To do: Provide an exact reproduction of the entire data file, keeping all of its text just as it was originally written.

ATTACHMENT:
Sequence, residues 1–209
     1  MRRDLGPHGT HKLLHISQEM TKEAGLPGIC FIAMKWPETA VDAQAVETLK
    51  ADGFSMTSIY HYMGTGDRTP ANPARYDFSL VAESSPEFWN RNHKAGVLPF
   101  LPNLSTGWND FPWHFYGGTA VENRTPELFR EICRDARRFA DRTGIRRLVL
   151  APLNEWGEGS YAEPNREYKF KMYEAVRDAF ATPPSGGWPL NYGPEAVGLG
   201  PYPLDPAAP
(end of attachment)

Sequence, residues 1–209
     1  MRRDLGPHGT HKLLHISQEM TKEAGLPGIC FIAMKWPETA VDAQAVETLK
    51  ADGFSMTSIY HYMGTGDRTP ANPARYDFSL VAESSPEFWN RNHKAGVLPF
   101  LPNLSTGWND FPWHFYGGTA VENRTPELFR EICRDARRFA DRTGIRRLVL
   151  APLNEWGEGS YAEPNREYKF KMYEAVRDAF ATPPSGGWPL NYGPEAVGLG
   201  PYPLDPAAP